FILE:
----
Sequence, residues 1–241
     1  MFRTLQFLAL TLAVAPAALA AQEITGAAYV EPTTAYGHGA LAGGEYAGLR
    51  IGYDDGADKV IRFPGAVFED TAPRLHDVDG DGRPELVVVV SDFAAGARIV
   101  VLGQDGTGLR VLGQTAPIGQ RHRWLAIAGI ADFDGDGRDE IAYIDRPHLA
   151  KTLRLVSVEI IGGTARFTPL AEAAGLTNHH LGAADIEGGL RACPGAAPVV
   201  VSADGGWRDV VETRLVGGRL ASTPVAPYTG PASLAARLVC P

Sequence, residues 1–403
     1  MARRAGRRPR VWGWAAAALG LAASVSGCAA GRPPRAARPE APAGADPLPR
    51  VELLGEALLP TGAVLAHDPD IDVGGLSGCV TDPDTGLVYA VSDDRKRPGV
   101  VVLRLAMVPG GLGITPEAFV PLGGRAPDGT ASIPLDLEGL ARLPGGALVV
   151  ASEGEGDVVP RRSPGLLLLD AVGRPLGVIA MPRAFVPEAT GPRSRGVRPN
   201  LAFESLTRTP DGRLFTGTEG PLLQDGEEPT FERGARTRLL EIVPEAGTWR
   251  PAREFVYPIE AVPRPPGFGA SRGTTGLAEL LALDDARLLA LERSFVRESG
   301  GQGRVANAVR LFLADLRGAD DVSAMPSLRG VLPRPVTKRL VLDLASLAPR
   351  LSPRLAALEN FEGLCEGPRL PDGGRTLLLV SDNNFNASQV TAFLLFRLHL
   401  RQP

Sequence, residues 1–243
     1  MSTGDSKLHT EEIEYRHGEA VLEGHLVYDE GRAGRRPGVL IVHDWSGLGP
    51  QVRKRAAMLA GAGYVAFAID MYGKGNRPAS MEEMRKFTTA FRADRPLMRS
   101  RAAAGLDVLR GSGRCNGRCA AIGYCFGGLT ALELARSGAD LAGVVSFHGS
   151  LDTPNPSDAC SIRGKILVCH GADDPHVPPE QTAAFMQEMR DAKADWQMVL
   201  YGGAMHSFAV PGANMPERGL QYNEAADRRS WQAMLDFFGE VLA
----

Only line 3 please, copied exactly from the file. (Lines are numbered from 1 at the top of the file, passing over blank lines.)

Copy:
    51  IGYDDGADKV IRFPGAVFED TAPRLHDVDG DGRPELVVVV SDFAAGARIV